Columbia Heights in Washington, District of Columbia — The American Northeast (Mid-Atlantic)
—Meridian Hill Park, National Historic Landmark —
Budget constraints meant the designers could not specify natural stone for the desired Renaissance forms. To find a solution, the park's architect in charge, Horace Peaslee, turned to the Earley Studio in Arlington Virginia, renowned for its artistry and craftsmanship.
"For John Earley, Meridian Hill Park was the beginning of an involvement with concrete that was to last nearly thirty years. Eventually, he became the world's foremost expert on the practical aspects of concrete making, and under his direction the Earley Studio executed works of such unusual complexity and beauty that they have never been equalled. " -- Frederick Cron, historian
For more information go to: www.nps.gov/mehi
Erected by National Park Service.
Location. 38° 55.332′ N, 77° 2.128′ W. Marker is in Columbia Heights, District of Columbia, in Washington. Marker can be reached from 15th St. NW. Touch for map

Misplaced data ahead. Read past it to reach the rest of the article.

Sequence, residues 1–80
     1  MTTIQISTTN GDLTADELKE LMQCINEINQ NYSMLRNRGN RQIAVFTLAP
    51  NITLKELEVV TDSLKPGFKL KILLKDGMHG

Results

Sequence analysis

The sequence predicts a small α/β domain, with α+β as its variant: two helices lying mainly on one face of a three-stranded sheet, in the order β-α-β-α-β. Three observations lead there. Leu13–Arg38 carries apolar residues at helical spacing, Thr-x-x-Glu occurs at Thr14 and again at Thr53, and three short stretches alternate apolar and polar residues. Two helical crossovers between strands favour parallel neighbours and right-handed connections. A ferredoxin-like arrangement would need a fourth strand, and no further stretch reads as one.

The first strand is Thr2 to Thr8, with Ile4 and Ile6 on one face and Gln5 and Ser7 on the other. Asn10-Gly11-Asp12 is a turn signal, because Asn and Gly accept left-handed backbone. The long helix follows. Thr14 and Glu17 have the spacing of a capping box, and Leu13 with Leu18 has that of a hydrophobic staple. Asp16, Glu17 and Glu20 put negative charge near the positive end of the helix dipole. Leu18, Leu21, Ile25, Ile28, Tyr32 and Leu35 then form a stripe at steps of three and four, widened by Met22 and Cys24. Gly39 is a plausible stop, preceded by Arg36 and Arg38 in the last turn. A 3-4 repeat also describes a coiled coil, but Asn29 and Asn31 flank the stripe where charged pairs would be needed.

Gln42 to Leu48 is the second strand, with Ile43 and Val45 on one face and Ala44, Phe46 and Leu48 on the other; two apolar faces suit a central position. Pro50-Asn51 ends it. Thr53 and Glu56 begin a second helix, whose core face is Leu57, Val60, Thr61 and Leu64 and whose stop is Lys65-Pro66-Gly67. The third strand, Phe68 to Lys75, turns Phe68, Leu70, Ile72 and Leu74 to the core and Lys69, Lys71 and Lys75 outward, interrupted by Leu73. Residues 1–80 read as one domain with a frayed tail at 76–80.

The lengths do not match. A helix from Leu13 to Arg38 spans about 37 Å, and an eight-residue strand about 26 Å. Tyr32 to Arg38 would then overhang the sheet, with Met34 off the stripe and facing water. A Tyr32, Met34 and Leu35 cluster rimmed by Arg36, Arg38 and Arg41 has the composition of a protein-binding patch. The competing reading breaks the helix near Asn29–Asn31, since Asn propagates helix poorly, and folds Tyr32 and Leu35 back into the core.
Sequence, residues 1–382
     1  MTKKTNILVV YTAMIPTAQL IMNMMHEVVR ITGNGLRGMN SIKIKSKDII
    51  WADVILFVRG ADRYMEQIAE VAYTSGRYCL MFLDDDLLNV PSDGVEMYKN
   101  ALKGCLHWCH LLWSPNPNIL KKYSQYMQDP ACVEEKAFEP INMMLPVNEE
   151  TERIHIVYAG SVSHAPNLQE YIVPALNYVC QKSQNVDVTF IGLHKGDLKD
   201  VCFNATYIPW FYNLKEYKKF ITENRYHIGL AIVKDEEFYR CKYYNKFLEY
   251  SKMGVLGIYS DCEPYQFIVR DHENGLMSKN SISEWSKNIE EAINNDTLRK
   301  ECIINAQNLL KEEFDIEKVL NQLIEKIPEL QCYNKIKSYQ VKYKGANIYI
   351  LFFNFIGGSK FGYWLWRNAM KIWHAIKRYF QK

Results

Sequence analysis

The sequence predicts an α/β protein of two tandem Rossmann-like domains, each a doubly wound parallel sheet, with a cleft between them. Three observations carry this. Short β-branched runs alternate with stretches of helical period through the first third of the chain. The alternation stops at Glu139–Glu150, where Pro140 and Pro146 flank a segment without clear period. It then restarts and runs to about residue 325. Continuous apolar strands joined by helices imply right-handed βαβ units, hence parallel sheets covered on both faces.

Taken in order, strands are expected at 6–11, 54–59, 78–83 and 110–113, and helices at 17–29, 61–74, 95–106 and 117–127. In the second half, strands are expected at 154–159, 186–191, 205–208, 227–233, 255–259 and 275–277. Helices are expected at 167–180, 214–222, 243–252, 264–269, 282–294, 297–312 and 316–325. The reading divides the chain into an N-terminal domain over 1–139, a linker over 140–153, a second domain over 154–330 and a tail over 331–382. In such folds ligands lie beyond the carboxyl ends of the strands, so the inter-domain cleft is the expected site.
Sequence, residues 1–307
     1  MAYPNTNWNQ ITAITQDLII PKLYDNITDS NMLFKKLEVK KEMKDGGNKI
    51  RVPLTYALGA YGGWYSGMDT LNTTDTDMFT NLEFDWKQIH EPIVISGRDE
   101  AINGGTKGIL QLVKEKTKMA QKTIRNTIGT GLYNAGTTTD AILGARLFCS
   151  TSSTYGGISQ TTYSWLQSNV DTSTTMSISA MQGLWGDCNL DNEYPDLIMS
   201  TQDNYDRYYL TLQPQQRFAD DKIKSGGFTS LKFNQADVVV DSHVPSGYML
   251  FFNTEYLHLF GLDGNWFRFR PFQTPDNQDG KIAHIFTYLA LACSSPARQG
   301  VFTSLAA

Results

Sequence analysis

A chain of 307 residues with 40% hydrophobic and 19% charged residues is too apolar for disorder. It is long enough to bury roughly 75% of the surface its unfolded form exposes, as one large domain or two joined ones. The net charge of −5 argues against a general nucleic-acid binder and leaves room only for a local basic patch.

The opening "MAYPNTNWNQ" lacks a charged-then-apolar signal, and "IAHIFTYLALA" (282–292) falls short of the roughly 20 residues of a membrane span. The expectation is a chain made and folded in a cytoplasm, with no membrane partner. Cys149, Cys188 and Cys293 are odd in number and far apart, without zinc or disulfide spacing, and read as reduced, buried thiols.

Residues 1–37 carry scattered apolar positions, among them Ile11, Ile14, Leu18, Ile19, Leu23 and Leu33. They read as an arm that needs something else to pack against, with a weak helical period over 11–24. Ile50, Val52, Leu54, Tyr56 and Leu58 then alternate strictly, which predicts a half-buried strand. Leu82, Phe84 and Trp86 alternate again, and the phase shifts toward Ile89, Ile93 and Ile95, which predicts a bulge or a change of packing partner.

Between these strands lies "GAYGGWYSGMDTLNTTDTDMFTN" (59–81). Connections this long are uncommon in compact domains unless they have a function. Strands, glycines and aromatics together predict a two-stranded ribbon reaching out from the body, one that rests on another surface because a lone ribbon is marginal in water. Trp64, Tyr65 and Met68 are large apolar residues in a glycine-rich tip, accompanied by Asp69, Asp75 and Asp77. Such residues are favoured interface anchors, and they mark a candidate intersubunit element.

Other nearby markers. At least 8 other markers are within walking distance of this marker. Visionary and Park Champion (here, next to this marker); Creating the "City Beautiful" (here, next to this marker); Park Designers (here, next to this marker); Mansions, Parks, and People (within shouting distance of this marker); An American Meridian (within shouting distance of this marker); College Hill (about 300 feet away, measured in a direct line); Campus to Army Camps and Back Again (about 300 feet away); Art for the People (about 300 feet away). Touch for a list and map of all markers in Columbia Heights.
Also see . . . Meridan Hill Park. This URL appears on the marker. (Submitted on March 27, 2013, by Allen C. Browne of Silver Spring, Maryland.)
Categories. • Man-Made Features •
Credits. This page was last revised on January 28, 2017. This page originally submitted on March 27, 2013, by Allen C. Browne of Silver Spring, Maryland. This page has been viewed 345 times since then. Photos: 1, 2, 3, 4, 5, 6, 7, 8, 9. submitted on March 27, 2013, by Allen C. Browne of Silver Spring, Maryland. • Bill Pfingsten was the editor who published this page.